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Professor of Clinical Neurology, Weill Cornell Medical College
Dr. Rubin reports no financial relationships relevant to this field of study.
SYNOPSIS: In the United States, first-line treatment for chronic inflammatory demyelinating polyneuropathy (CIDP) is intravenous immunoglobulin (IVIG). Authors of this retrospective survey from Europe found that corticosteroid treatment had similar efficacy as IVIG and should be considered as first-line therapy for CIDP.
SOURCE: van Lieverloo GGA, Peric S, Doneddu PE, et al. Corticosteroids in chronic inflammatory demyelinating polyneuropathy: A retrospective, multicentre study, comparing efficacy and safety of daily prednisolone, pulsed dexamethasone, and pulsed intravenous methylprednisolone. J Neurol 2018;265:2052-2059.
Glucocorticoids, intravenous immunoglobulin (IVIG), and plasma exchange are the mainstays of therapy for chronic inflammatory demyelinating polyneuropathy (CIDP), with the initial choice among them decided by availability, disease severity, venous access, treatment side effects, cost, and concurrent illness. When disease is mild with minimal effect on quality of life or function, treatment may not even be necessary. If glucocorticoids are contraindicated, alternative immunosuppressant agents include azathioprine, cyclosporine, methotrexate, mycophenolate mofetil, rituximab, or tacrolimus. When corticosteroids are administered, various regimens may be offered. Which regimen is most effective and safe for CIDP?
Data on treatment-naïve CIDP patients were collected retrospectively from 2000 until 2018 from three centers in Europe, including Serbia, The Netherlands, and Italy, where corticosteroids were considered first-line treatment. All patients satisfied European Federation of Neurological Societies and Peripheral Nerve Society (EFNS/PNS) criteria for definite, probable, or possible CIDP, and were treated with either oral prednisone or prednisolone, 1-1.5 mg/kg/d for six weeks followed by a taper over at least eight months; oral dexamethasone 40 mg/d for four days, monthly for six months; or intravenous (IV) methylprednisolone, 500 mg/d for four days, with at least two further courses at 1-2 g/month, depending on disease severity. Any patient who did not improve on the regimen was given IVIG. The primary outcome was improvement in motor or sensory impairment as measured by the treating neurologist and/or Rankin scale, with no further need for treatment. Any patient who received IVIG was considered a nonresponder. The secondary outcome was the remission rate, defined as treatment-free stable or improving clinical status, with relapse defined as any setback requiring treatment. Statistical analysis comprised the Fisher-Freeman-Halton t test, one-way ANOVA, two-tailed t test, and Kruskal-Wallis tests, as applicable, with post hoc analyses also encompassing the Mann-Whitney U test. Statistical significance was defined as P < 0.05.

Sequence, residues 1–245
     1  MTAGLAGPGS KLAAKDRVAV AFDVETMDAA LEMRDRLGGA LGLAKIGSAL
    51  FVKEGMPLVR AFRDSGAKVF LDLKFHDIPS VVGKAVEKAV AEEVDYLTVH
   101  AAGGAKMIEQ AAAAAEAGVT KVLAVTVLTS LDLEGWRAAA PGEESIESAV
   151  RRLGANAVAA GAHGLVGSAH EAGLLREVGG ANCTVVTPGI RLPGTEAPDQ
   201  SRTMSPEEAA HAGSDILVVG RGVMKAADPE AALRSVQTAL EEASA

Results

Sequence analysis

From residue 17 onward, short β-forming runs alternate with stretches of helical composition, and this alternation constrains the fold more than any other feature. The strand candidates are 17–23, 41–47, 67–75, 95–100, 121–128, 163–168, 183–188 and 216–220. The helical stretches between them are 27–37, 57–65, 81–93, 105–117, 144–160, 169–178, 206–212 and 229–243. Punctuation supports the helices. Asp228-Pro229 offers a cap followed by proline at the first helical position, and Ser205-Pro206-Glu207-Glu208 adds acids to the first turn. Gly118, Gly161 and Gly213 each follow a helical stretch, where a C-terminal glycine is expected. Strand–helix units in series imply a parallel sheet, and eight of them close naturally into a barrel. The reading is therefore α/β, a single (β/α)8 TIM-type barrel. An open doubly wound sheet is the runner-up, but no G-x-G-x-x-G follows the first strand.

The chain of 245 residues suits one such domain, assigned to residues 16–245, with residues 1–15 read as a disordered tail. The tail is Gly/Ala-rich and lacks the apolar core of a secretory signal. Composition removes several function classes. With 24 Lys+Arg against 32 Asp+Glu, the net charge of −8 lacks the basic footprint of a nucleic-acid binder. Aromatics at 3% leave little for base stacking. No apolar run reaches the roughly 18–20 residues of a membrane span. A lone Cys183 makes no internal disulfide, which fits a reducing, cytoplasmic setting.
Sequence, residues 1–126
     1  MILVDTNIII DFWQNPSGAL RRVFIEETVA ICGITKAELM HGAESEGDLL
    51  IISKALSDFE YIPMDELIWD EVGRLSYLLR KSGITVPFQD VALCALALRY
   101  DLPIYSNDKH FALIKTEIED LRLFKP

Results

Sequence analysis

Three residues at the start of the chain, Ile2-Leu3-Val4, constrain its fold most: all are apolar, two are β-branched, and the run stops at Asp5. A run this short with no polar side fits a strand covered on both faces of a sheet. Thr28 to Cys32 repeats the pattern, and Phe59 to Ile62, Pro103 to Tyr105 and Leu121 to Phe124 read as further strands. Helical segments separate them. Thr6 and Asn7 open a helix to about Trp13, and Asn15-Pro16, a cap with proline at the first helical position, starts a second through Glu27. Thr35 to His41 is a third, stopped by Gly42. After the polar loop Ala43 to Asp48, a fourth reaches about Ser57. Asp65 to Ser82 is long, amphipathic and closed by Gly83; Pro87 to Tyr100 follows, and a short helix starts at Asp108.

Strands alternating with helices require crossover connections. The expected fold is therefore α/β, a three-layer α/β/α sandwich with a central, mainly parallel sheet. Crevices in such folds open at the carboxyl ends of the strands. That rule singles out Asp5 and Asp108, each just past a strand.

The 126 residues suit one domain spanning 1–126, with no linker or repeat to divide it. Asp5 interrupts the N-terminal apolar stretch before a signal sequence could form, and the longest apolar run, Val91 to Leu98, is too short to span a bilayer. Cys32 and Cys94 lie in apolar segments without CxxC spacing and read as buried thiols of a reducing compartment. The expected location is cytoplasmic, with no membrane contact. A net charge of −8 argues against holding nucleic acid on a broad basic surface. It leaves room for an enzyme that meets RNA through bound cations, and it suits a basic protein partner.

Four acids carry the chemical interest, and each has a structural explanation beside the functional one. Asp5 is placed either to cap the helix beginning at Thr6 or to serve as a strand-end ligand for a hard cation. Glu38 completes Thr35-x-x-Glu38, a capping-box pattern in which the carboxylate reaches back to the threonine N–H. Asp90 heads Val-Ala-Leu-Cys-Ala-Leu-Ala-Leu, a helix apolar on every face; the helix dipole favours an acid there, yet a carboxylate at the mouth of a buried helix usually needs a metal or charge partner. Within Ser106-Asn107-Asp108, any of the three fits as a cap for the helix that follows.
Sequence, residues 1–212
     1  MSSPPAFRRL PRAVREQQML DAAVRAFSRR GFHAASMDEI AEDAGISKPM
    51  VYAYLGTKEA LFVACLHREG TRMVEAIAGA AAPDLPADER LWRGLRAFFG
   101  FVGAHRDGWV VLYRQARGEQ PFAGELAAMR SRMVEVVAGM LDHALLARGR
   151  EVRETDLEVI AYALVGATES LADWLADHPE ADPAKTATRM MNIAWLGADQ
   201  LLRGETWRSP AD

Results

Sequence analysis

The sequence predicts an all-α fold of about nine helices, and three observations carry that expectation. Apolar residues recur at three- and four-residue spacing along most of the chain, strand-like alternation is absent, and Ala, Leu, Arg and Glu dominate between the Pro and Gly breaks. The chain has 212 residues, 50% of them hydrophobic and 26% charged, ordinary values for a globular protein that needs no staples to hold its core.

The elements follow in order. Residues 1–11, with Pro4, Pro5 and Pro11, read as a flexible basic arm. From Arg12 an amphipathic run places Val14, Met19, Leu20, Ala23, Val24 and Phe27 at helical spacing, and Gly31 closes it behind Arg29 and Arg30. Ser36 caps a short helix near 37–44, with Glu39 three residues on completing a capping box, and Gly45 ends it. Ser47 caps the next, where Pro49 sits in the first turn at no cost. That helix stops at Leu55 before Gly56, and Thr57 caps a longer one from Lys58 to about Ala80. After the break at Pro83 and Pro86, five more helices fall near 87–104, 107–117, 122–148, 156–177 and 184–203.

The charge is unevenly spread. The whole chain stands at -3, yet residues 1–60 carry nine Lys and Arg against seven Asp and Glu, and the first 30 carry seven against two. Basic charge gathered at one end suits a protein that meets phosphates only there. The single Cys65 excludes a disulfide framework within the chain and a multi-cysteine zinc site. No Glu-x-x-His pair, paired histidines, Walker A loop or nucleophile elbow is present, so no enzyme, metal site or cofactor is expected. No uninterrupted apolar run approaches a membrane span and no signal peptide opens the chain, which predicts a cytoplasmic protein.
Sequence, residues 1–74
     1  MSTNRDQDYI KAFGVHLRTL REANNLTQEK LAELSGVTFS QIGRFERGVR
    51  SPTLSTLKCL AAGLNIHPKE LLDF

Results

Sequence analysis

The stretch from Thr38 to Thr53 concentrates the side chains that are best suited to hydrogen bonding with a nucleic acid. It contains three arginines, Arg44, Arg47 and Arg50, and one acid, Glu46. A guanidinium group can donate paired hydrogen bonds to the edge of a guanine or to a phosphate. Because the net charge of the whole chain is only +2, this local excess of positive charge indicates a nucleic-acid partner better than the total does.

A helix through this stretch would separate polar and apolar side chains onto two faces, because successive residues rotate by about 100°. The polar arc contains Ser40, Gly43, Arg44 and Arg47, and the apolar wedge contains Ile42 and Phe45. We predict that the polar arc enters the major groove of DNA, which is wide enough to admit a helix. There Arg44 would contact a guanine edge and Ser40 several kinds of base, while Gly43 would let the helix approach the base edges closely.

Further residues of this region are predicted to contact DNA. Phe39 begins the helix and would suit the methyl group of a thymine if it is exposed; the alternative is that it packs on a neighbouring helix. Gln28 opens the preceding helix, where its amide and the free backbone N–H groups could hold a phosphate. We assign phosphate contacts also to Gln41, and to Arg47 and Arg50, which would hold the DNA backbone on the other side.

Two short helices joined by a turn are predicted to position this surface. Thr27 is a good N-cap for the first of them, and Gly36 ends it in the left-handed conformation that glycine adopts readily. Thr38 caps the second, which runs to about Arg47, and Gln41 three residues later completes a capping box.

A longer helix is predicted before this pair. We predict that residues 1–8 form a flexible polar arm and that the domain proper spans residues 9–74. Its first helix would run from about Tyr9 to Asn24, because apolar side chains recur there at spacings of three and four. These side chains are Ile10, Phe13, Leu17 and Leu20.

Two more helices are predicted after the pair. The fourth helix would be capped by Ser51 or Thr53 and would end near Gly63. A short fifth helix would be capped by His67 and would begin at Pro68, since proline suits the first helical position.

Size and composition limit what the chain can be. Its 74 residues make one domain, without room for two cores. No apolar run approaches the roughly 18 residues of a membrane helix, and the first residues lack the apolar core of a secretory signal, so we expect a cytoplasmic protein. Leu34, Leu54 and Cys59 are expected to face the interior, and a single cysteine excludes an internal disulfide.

Among 196 screened patients, 125 received corticosteroids alone and were included in the study, of which 54% (n = 67) were treated with daily oral prednisone, 30% (n = 37) with oral dexamethasone, and 17% (n = 21) with IV methylprednisolone. Corticosteroid treatment resulted in a 60%
(n = 75) response rate overall, with no significant difference between the three treatment regimens. Fifty-seven percent improved with either oral prednisone or IV methylprednisolone, and 68% improved following oral dexamethasone. Among the 75 responders, 61% (n = 46) remained in remission over a median follow-up of 55 months. Of the 29 patients who relapsed, 69% (n = 20) did so within six months following treatment cessation. Corticosteroids resulted in a 33% probability of five-year remission, with severe adverse events occurring in two patients (severe hypertension and myocardial infarction in one each) and moderate adverse events in 8% (n = 10), including glaucoma, hypertension, de novo diabetes, depression, Cushingoid appearance, and gastrointestinal complaints. Corticosteroids resulted in an improvement in 60%, with remission in 61% of responders, and any modality of administration was equally efficacious and safe.
Recently described in patients with inflammatory neuropathies, IgG autoantibodies caspr and neurofascin-155 are associated with the subacute onset of severe motor weakness and poor response to IVIG, with the latter autoantibody additionally associated with debilitating tremor of cerebellar origin. Anti-neurofascin IgM autoantibodies have been reported in 8% of patients with inflammatory neuropathy but also in 5% with idiopathic neuropathy. In a recent report, IgM autoantibodies against neurofascin-155, in titers ranging from 1:100 to 1:400, were detected by ELISA in five patients, four with CIDP, three of whom also presented with tremor and one with Guillain-Barré syndrome. Electrodiagnostic studies were consistent with demyelinating neuropathy, although nerve biopsies showed axonal injury in three and demyelination only in one. IgM neurofascin-155 autoantibodies may be worth testing in patients with inflammatory neuropathies, but their pathogenic role remains to be determined.1
Financial Disclosure: Neurology Alert’s Editor in Chief Matthew Fink, MD; Peer Reviewer M. Flint Beal, MD; Executive Editor Leslie Coplin; Editor Jonathan Springston; and Editorial Group Manager Terrey L. Hatcher report no financial relationships relevant to this field of study.